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Tuesday April 30th 2019Tim Candler9


    Henri Bergson didn't like the idea of concepts. They had their place, but once annunciated a concept, or mental representation, became static. Indeed intellect couldn't really see the world in real time, it could only see the world in the way that a camera sees the world. He suggested that our relationship with the world was constantly moving, but because our intellect produced static understandings, through mental representation, our intellect, while incredibly useful, had limitations. He suggested that to better understand what happens in our mind, you'd do better to think in terms of what he called Duration, which he'd readily admit was itself concept. Duration was a flux or a becoming. It wasn't something that couldn't be reversed, it was always "straining toward the future," it was continually creating newness, which meant it was basically unpredictable, it could never be communicated by concepts, and it was the "inexhaustible source of freedom." Duration wasn't something that could be shared or given, but the nature of it was available to person through "intellectual auscultation." Auscultation is what doctors do with a stethoscope when they examine a person's body. So, I'd argue that what Bergson was saying is that results of science are wonderful, very useful, couldn't get by without them, but the reality of being in the world is something we know intuitively and not as a result of a logical, mechanistic, step by step progress toward a conclusion. In short we people can see an arrow flying through the sky, but science can't, it can only conceptualize an  arrow flying through the sky by describing a series of points, and at each point the arrow is motionless.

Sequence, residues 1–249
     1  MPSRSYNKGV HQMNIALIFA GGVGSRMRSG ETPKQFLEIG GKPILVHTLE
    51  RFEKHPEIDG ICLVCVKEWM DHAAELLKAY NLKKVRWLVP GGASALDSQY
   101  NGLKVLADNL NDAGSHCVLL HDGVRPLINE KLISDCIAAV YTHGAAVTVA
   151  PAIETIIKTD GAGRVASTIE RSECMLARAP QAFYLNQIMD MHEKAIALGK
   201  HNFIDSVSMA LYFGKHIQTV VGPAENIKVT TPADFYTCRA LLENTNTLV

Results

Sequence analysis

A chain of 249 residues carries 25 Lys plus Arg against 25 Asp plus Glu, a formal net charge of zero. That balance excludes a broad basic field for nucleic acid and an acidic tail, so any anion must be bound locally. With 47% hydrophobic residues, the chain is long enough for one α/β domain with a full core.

Bergson was concerned with metaphysics, which despite all it's various nuances in the language, would have been defined by Bergson as examining the nature of reality, the relationship between mind and matter, what stuff is and how it can be described, and the relationship between what facts are and what value is. And he was one of those rare Philosophers who wrote a best selling book which is still occasionally published called Creative Evolution, in which he tore down an edifice that had been built around Darwin which proposed that the mind could be explored almost entirely in terms of evolution, the passing along and multiplying of successful genes and attributes. In their place Bergson proposed a metaphysics of evolution based upon his notion of Duration. Without concepts this was much easier said than done, and generally his work Creative Evolution contains many unverifiable mysteries wrapped in wonderful language that highly pissed off the Analytical Philosophers many of whom were sympathetic to Duration but because they could find nothing concrete or static kind of shrugged it off as an interesting digression. Bergson's point was that his metaphysics does not oppose science, rather it complements science. William James who was all about pragmatism greatly approved of Bergson's thinking. Bertrand Russell disapproved of anything that suggested a drift away from the empirical approach in Philosophy. One thing's for sure in the philosophy of Bergson, he saw no end point, no finality. Duration as motion is uncertain and unpredictable. Several of the notions in Quantum Physics say pretty much the same thing. I read somewhere that Heisenberg, one of the key figures in Quantum Physics, defended Bergson against Einstein's dismissal of Bergson's Duration as an understanding of time. So who really knows about the mind Visions and Mystics and Prophets.



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